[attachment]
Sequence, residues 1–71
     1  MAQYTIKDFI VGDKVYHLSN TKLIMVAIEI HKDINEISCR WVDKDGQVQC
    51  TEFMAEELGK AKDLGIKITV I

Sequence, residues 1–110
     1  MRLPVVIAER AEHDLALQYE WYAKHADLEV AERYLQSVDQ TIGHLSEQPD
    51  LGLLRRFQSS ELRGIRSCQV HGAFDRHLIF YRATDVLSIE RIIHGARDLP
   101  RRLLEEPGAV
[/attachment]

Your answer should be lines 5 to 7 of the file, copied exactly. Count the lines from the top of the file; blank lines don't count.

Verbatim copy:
     1  MRLPVVIAER AEHDLALQYE WYAKHADLEV AERYLQSVDQ TIGHLSEQPD
    51  LGLLRRFQSS ELRGIRSCQV HGAFDRHLIF YRATDVLSIE RIIHGARDLP
   101  RRLLEEPGAV